Over the last week the Exchange community has learned a bit more about problems with Apple’s Exchange ActiveSync implementation in iOS 6; Microsoft has released a KB article outlining the problem and suggesting some workarounds, and Tony Redmond this morning pointed to a TUAW article that I hadn’t previously seen which asserts that the hijacking problem is a known issue with previous versions of iOS.
Tony’s article is titled “The emerging need for more supervision over ActiveSync implementations.” It’s certainly hard to disagree with that basic premise. Just over 18 months ago, Microsoft launched an Exchange ActiveSync logo certification program with the goal of inducing third parties who sell EAS-compatible devices or software to verify that they properly implement the client side of EAS. A quick check of this page maintained by Microsoft’s legal department shows just over four dozen EAS licensees, but only 3 vendors are listed on the EAS logo page itself. There are several possible explanations, ranging from lack of vendor interest in getting certified to a Microsoft failure to update the contents of the page.
Whatever the reason, I think Tony is right that Microsoft needs to be more proactive in requiring their EAS licensees to perform more robust testing on their clients.
Furthermore, I’m starting to think that the certification and testing program isn’t sufficient in and of itself, which brings me to Postel’s Law.
Some years ago, I worked for a company that made e-mail encryption software. This was during a time when even basic SMTP interoperability between different vendors’ systems was not assured– the Electronic Mail Association had biannual “plugfests” where vendors such as Lotus, Microsoft, and Netscape got together to ensure that their products could exchange SMTP mail properly. Whenever we ran into an interop problem, my boss would cite Postel’s Law:
Be conservative in what you do, be liberal in what you accept from others.
It seems pretty clear that Apple’s iOS EAS implementation has bugs– long-standing ones, if the TUAW article is right– and that Apple has a responsibility to fix them. I am coming to the opinion, though, that the server-side EAS implementation is too lenient about what it accepts. For years Exchange administrators had to suffer through a dance that went something like this:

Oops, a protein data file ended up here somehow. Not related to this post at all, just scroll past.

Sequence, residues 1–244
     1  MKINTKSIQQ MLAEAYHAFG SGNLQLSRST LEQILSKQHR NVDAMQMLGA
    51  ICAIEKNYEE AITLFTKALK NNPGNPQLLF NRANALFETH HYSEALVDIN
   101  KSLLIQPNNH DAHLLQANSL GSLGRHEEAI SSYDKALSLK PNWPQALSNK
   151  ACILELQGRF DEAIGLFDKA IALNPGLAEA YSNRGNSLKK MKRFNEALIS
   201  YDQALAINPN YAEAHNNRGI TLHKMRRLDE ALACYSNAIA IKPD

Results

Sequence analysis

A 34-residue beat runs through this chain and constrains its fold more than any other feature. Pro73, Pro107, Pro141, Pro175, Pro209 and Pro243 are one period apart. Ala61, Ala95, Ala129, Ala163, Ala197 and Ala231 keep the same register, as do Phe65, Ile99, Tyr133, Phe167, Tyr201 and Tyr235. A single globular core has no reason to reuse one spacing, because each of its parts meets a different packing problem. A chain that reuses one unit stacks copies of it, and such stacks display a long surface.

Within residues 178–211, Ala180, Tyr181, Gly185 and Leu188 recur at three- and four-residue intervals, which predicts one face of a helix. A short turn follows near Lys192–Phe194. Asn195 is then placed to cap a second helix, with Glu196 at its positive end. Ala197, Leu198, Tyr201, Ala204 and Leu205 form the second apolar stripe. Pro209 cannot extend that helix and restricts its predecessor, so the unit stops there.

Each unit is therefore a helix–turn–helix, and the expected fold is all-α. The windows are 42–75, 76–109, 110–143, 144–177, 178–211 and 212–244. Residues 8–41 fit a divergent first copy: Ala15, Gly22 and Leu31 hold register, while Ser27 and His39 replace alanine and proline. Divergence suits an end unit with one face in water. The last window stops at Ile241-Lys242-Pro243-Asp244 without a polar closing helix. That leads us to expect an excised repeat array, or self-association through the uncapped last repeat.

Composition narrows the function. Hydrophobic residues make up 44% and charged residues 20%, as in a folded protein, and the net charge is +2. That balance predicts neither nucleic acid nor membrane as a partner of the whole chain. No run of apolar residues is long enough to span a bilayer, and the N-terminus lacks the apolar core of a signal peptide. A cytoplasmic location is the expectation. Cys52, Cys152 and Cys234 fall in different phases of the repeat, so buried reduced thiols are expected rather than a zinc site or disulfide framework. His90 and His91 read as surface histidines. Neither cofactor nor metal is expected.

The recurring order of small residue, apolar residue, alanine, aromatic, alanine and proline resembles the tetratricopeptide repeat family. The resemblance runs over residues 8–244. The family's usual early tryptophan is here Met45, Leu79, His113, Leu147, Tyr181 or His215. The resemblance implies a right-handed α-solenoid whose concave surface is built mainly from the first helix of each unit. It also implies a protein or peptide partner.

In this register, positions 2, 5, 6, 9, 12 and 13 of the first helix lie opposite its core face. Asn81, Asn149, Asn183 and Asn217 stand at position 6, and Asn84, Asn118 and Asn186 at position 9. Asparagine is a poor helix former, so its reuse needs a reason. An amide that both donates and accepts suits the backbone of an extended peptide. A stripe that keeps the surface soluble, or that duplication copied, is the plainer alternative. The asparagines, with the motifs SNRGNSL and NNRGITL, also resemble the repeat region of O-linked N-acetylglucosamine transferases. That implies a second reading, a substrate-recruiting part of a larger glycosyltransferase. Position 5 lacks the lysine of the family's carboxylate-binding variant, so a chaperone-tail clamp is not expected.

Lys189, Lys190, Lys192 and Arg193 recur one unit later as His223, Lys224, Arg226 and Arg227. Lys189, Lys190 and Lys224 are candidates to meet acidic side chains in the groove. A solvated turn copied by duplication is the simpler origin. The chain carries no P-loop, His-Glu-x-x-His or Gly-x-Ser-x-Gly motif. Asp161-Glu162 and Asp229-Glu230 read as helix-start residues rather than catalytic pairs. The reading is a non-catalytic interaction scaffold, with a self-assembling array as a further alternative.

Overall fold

- A new version of Outlook would ship with a bug that would occasionally corrupt calendar or message items in some interesting way.
- The corrupted items would cause the client to crash; in more severe cases, they could also crash the store process or cause backups, mailbox exports, etc. to fail.
- The Exchange team would release a hotfix to keep that particular flavor of badly formed item from causing such a problem.
- The Outlook team would release a hotfix that would keep that version of Outlook from emitting that particular flavor of corruption.
- In the next release of Exchange, the team would add business logic to reject items with the specific flaws generated by Outlook.
- GOTO 1
Over time, the Exchange business logic got better, as did Outlook’s track record of not creating bad items in the first place. This approach has served Exchange administrators and users pretty well, and it’s clear that the lessons learned from this painful process have been applied in Exchange Web Services. For example, EWS will reject attempts to create calendar items with end dates that come before start dates– something that Outlook used to occasionally do out of sheer perversity.
However, it looks as though, at least in this specific case, EAS doesn’t have business logic in place to catch the modifications that lead to the hijacking behavior. That’s something that Microsoft can fix in three steps.
- First, they can update the EAS spec so that it clearly defines which fields of each data item are to be considered read-only. This gives implementers a fair shot to understand where they may need to change their clients.
- Second, they can update Exchange itself so that it rejects client requests that violate the updated spec.
- Third, they can vigorously “encourage” their major ISV partners to test more aggressively against the updated spec. I have to wonder, for example, how much, if any, testing Apple has done against Exchange 2013…
I’ve been putting the blame on Apple for this problem, and while I don’t think that doing so is unfair or inaccurate, I also believe that the Exchange team can do a better job on the server side of blocking bad client requests, and I hope they’re madly planning how to do so in Exchange 2013 SP1.